More than one-third of the world’s countries do not have any laws prohibiting sexual harassment at work, leaving nearly 235 million working women without this important protection. A study by UCLA’s WORLD Policy Analysis Center also found that nearly 82 million working women live in 24 countries that do not have any legal protections against gender-based discrimination in compensation, promotions and/or demotions, or vocational training at work.
“Gender discrimination in the workplace adversely affects employees and their families, and impedes the economic success of companies and countries,” said Dr. Jody Heymann, founding director of the WORLD Policy Analysis Center and dean of the UCLA Fielding School of Public Health. “While progress has been made, hundreds of millions of women face discrimination with no recourse, and women in underrepresented groups have the least protections. There are 152 countries that have prohibited discrimination in promotions and/or demotions based on gender, but only 126 countries guarantee protections from discrimination based on both gender and race/ethnicity.”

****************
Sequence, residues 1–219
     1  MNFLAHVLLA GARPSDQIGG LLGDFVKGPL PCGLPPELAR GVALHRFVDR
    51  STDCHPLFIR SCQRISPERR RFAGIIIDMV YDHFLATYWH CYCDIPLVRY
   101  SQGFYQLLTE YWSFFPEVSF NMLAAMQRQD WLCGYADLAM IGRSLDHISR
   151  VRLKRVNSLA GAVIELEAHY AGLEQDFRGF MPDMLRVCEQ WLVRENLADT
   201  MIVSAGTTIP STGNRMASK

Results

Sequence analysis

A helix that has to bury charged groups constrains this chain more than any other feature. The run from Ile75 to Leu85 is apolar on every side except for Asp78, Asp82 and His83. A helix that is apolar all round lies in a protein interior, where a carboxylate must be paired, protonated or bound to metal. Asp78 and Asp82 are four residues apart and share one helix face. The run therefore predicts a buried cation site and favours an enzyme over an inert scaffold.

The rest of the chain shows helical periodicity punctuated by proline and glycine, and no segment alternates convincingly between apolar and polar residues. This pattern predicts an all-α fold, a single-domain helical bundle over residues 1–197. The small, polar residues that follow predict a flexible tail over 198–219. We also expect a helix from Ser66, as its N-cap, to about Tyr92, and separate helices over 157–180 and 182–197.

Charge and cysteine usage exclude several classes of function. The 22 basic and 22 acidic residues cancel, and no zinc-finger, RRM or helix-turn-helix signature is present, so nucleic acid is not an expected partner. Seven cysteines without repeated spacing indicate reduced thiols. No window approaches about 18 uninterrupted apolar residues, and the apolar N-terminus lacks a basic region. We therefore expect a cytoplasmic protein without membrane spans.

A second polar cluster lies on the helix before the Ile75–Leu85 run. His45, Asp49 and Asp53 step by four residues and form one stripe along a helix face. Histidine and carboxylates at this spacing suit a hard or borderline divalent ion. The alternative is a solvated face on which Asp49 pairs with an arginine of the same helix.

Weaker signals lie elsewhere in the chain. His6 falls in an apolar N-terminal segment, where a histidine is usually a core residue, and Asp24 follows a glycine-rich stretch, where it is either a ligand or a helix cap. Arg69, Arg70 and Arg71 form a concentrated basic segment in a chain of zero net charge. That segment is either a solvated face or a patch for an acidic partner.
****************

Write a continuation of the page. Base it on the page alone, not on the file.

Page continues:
To understand whether countries are doing enough to prevent sexual harassment and gender discrimination at work, WORLD performed a comprehensive analysis of national laws and policies related to sexual harassment and employment discrimination in all 193 countries that are members of the United Nations.
Among the findings:
- Legal gaps in legislation leave too many women vulnerable to sexual harassment during the workday: Sixty-eight countries do not have any workplace-specific prohibitions of sexual harassment.
- Twenty-five countries do not extend any explicit protection from discrimination in workplace compensation.
- There are 126 countries that protect women from discrimination in promotions and/or demotions based on both gender and race/ethnicity.
“It’s critical for all nations to have, and effectively enforce, laws that specifically protect against sexual harassment and discrimination in the workplace,” Heymann said. “At the same time, recent events in the U.S. serve as an important reminder that even with laws in place, we will only make enough progress when all people and all institutions contribute to changing norms and practices.”